Last month Susi Mastroianni wrote “How to Plant a Tree“. This article will complement hers by discussing considerations you need to make when selecting a tree you want to plant.
It is important to buy the right tree because trees are a big investment. There is the initial cost of buying the tree, the cost to haul and plant it, and the long term costs to care for it.
You cannot plant a tree and walk away, especially when planting in an urban environment where survival challenges are more intense than if the tree were growing in its natural habitat. The tree needs to be watered, fertilized, pruned occasionally, and have its rubbish raked and picked up.
But the benefits more than make up for the costs. When grown long term, trees provide: great cooling shade, colorful flowers, fruit, architectural enhancement of a structure, increase of property value by as much as 10-12%, habitat for wildlife, a sound and visual barrier when properly placed, a decrease in rain water runoff, the oxygen we breathe, a decrease of carbon dioxide, a reduction of global warming.
Prior to buying the tree, you need to know:
The Site – Unfortunately trees are not adaptable to all the site variations found in our typical landscape. The Maui County Planting Plan shows five environments that plants are exposed to: Wet areas – windward part of the island; cool, dry areas in higher elevations above 1,000 feet; low, drier areas that are warm to hot; lower elevations that are wetter due to proximity to mountains; and salt spray zone in coastal areas on the windward sides of the islands.
In addition to these environmental conditions one should be aware of site conditions such as soil pH, salinity, and depth, and whether there are underground water and utility lines. An adequate above and below ground space is needed for a full tree canopy to be supported by a large root mass.
The Species – References such as Plants for Tropical Landscapes, A Gardener’s Guide by Rauch and Weissich, A Tropical Garden Flora by Staples and Herbst, Guide to Landscape Palms by Meerow, and of course the Maui County Planting Plan by the Maui County Arborist Committee are some of the many references available for your use.
In addition, your personal experience with the species, or just seeing how it does in the neighborhood you want to plant it, will give you some idea whether that tree is suited for the chosen site.
The Maui County Planting Plan (MCPP) contains 21+ characteristics (canopy spread, wind and salt tolerance, planting zone, etc.) for many of the commonly planted trees, ground covers, and turfgrasses. It does not include fruit tree information because they are not planted on streets and in parks. You can get a copy by contacting the County Parks & Recreation Department and paying a minimal price. This document is being revised and will include new plants but no invasive species. It will include new chapters on parking lot trees and invasive species. Completion date is hopefully two years away. County Administration support and Council action are needed on some important issues before the document is released.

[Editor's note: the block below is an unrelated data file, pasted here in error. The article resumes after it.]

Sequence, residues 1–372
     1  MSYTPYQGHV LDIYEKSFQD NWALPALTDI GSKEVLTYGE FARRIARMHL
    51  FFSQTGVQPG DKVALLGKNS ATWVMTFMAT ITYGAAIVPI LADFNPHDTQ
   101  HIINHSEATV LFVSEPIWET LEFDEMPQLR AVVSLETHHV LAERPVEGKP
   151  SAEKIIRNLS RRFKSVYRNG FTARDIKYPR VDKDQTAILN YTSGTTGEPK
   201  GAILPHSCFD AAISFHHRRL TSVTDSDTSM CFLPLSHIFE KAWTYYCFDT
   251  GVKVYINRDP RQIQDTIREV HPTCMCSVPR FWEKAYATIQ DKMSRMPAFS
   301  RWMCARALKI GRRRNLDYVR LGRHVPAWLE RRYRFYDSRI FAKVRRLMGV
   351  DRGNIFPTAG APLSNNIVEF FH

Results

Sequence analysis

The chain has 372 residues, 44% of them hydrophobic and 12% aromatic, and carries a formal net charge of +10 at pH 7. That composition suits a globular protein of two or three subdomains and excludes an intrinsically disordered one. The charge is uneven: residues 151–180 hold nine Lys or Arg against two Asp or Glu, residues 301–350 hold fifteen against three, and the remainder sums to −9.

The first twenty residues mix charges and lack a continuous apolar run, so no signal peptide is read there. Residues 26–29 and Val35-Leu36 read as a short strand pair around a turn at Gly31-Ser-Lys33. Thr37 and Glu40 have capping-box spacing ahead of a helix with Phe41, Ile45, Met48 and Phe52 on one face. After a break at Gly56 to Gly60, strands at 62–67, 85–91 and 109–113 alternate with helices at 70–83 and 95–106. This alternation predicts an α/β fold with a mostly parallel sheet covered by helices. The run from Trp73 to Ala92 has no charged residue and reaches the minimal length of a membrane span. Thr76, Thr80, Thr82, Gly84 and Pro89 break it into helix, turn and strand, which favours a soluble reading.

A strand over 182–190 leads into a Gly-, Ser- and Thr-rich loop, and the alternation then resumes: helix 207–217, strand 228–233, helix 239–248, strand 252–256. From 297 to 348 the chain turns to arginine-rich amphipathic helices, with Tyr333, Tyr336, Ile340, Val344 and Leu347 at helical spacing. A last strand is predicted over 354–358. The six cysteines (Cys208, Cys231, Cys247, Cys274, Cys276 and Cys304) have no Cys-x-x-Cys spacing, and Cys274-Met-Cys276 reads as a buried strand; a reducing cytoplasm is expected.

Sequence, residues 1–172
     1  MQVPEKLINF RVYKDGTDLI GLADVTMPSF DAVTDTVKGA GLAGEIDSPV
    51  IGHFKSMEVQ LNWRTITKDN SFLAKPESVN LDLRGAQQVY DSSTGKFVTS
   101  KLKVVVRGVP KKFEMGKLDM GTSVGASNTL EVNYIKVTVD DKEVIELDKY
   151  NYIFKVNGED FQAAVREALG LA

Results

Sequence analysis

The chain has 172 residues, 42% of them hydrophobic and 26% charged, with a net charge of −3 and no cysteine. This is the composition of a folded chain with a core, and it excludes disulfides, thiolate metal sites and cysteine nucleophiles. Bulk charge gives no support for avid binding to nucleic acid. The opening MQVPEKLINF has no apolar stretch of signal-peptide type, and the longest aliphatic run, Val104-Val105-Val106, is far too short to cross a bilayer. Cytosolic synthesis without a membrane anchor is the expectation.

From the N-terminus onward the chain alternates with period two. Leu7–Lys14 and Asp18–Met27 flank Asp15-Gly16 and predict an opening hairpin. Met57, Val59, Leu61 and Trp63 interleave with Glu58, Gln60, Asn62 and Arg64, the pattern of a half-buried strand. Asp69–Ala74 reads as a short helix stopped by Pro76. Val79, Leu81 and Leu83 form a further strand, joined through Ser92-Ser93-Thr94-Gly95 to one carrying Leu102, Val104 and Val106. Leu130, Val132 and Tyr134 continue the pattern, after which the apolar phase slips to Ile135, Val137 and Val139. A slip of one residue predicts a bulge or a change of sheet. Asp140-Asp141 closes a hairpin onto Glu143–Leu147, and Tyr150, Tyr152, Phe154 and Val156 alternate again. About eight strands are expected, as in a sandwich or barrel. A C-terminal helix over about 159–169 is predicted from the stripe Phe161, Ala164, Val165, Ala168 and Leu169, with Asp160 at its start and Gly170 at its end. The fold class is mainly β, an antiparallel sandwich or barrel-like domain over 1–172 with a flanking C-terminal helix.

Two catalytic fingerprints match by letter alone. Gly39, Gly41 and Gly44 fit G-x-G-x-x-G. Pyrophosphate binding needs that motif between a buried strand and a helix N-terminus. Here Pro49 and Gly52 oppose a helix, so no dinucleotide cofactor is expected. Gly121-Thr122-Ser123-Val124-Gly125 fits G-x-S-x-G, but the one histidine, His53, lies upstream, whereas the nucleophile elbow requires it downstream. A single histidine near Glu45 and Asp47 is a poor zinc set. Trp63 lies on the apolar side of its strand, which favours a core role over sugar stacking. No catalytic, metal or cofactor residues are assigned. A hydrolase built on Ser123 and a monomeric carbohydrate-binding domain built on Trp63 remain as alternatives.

The Nursery – Once you have the right species for the site you need to find where it can be bought. Because of the busy construction period Maui is experiencing many nurseries have placed on hold trees destined for landscape projects in progress. Available trees frequently are off grade and will need a lot of training. Healthy fruit trees are available at local nurseries because they are continuously provided by nurseries such as Plant It Hawaii and Frankie’s.
“Eye Balling” the Tree:
Roots: Do not buy a tree with woody roots circling a pot’s soil surface. Tender soft roots circling can be opened-up at the time of planting. A tree with woody roots sticking out of the drainage holes is a sign of being “pot bound”. Do not buy it. I am known to shake out a tree from its pot and have a look at its roots if I suspect problems. Years ago 3 & 4 foot citrus trees came in one gallon pots. Woody circling and kinked roots were common. The public became educated and rebelled. Today they are grown in large grow bags or pots.
You want a tree in balance with its pot size. You want a tree to have enough roots to hold onto the soil at planting. I have seen a pot carefully cut to facilitate removing the tree and the entire medium fall away when the tree was lifted. The roots hung like you were grasping the handle of a water mop. Panic!
Buy a tree whose size is proportionate with the pot to avoid “pot bound” problems. Roots should be white and not brown or black.
Trunk: A single upright trunk is ideal. If only trees with multiple trunks are available, tip the weaker one(s) to subdue them and let it produce photosynthates until the tree is growing well. Then remove the subdued leader(s) leaving just one main leader.
If many of the young tree’s branches are growing upright at angles less than 45 degrees this will make for bark to be included (squeezed) between the branch and trunk. If branches with included bark are retained, they are poorly attached and may become problematic as they mature and become heavy.
Buy a tree with a single trunk with branches distributed around the trunk and emerge from the trunk at angles between 45 and 90 degrees. The trunk should be tapered, larger diameter at the bottom and smaller at the top.
Leaves: They should be evenly distributed on the upper two thirds of the tree and its branches. They should be green, healthy, and free of insects; check both sides of the leaves for pests.
Buy a tree that is vigorous, has many healthy green leaves, and has no insect pests.
In summation a healthy small tree growing in a container of a proportionate size will adapt to a site better and faster than a larger tree with root, leaf, and trunk problems.